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Published 30 April 2018
With learning from incidents being seen as the key to safer care, the government, CQC and NHS Improvement are currently channelling a lot of energy into how the quality of patient safety investigations can be improved.
The latest development is a plan to revise the existing Serious Incident Framework by the end of this year.
In this briefing, we look at the changes being suggested and how you can have your say on what goes into the new framework.
The patient safety team at NHS Improvement (NHSI) is currently inviting views - via an online survey - on how the national Serious Incident Framework (issued in 2015) could be changed for the better.
To accompany the survey, NHSI has produced a discussion document - The future of NHS patient safety investigation - which focuses on 5 key factors contributing to poor investigations:
The real challenge is how to resolve these problems in the context of a system under pressure from all sides and with finite resources.
One of the keys to this, NHSI suggests, may be to address the 'investigation fatigue' which arises from having to investigate large numbers of similar incidents again and again (often with 'weak' actions repeatedly coming out of these around reminding, reviewing, rewriting), leaving little time or energy to focus on real solutions.
Quality over quantity, it is being suggested, may be the answer. Careful consideration will however need to be given to how this squares with the statutory Duty of Candour where incidents reach the requisite harm threshold to trigger that duty.
NHSI has put forward a number of possible options/approaches in relation to each of the problem areas identified and is inviting those completing the online survey to rate the likely effectiveness of each of these from 'very effective' to 'completely ineffective', as they see fit.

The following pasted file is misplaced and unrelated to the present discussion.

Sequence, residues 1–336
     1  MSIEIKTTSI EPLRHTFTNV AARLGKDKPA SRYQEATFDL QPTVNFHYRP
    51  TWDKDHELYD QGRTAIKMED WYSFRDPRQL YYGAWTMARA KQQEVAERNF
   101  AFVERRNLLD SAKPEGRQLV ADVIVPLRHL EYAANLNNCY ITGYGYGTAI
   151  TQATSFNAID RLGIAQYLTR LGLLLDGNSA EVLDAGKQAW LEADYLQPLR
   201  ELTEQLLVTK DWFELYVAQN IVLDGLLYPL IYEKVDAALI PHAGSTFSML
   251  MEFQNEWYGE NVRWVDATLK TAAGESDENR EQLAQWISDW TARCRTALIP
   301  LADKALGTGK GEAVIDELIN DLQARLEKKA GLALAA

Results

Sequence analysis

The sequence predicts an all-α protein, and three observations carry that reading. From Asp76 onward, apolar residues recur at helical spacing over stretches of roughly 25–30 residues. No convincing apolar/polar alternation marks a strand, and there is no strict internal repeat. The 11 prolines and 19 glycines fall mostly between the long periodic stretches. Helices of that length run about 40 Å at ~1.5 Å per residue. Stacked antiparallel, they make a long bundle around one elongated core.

Possible approaches you can 'rate' as part of the survey include:
NHSI is also asking for views on a refreshed set of principles to underpin the framework - i.e. incident investigations should be: strategic (e.g. boards focusing on quality of output/learning, not numbers), preventative (i.e. acting on identified causal factors), people-focused (i.e. patients/families/staff are active participants), expertly led (by trained investigators with support of an appropriately resourced investigation team) and collaborative (e.g. enabling information sharing/action across systems). These principles are designed to tie-in with those of the Healthcare Safety Investigation Branch, which will also have a central role in helping to spread good investigation practice.
We may even be looking at a new name for the Serious Incident Framework, with NHSI also seeking views on whether a change of name is needed to reflect a fresh approach to incident investigation.
The online survey will be open until 12 June 2018.
NHSI will then review the responses and work on revising the Serious Incident Framework over the summer, with a view to a new version of the framework being published by the end of 2018.
Our national team of healthcare regulatory lawyers has extensive experience of supporting and advising health and social care providers on a wide range of matters relating to incident investigations, including:
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